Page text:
This year, at the start of Spring, all of the families had come together to the Hot Springs of the Moradesh. Here, in the chalky shallow waters of the heated Moraine, the rites of passage into adulthood would be undertaken.
Each of the children who had survived a full 16 cycles would pledge themselves free of the taint of the BuyMort and promise to all to remain so until their dying days. Then they would be dipped in the waters and baptized into the name of the All-Bright and their coven of goodliness.
The sun glimmered over the top of the lake, and all around the grasses and trees of summer waved in the breeze, bugs humming through them, and an abundance of hanging fruits swaying invitingly.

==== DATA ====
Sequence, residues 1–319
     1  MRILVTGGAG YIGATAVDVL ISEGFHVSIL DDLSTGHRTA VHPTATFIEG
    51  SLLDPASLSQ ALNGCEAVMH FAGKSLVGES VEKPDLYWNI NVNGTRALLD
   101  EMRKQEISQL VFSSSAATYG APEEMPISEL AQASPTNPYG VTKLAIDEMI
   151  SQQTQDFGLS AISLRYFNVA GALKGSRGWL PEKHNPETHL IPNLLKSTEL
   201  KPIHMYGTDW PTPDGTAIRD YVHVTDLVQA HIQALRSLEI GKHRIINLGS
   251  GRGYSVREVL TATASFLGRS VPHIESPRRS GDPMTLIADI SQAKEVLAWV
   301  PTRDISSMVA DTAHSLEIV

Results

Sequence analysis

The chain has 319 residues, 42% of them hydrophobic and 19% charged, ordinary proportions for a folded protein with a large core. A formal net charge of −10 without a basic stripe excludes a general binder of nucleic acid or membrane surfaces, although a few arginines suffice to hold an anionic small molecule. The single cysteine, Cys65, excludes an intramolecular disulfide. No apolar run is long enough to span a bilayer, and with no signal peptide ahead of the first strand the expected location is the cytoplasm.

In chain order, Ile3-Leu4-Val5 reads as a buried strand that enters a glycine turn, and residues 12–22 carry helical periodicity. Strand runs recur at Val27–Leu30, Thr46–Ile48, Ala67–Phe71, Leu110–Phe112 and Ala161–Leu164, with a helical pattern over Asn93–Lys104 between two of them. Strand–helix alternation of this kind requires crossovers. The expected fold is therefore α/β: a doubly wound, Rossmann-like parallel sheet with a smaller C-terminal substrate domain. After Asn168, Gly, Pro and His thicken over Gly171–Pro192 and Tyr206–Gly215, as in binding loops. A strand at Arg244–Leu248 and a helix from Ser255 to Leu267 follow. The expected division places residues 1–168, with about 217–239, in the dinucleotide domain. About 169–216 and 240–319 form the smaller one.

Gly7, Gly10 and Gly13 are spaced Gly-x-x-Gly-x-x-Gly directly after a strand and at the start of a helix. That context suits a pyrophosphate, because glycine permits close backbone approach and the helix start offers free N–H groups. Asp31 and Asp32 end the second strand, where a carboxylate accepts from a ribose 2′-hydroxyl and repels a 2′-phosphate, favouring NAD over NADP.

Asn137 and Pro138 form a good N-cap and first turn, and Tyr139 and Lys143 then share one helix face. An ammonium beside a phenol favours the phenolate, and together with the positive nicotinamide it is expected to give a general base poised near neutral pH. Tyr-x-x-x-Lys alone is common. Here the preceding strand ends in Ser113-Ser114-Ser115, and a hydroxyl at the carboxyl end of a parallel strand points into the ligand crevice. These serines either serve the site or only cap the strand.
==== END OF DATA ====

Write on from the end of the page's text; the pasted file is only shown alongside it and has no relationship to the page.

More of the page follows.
“This is going to be a grand three days,” Jarna said, putting meaty hands on stout hips. Terna was never sure how she had come from such thick and stout people, but she was glad they were as they were. The two giants were strong and nothing in the whole world could defeat them.
They were solid and powerful. Anything that even tried would be foolish to do so.
“May I go find my friends?” Terna asked, excitement pumping through her.
Jayrod dumped his massive bundle to the ground and laughed merrily.
“The joys and energy of having to only carry half a pack, hey?” her father said. “Yeah, go on. My parents didn’t make me work on my Ascension Day, and I won’t make you work either.”
“Lucky girl,” Jarna said, dropping her own pack. Jayrod raised an eyebrow and she swooped at him, tackling him and wrestling him into her arms.
Terna giggled. “I can’t wait to do that with my own husband.”
Jayrod growled, but the jovial tone to it showed he was joking. Mostly.
“Go play with your friends already, Terna,” Jarna said, her eyes twinkling. “And no boys!”
Terna ran off to find the banners of her friends. And above, the sky faded to darkness, and the memory fell away to consciousness.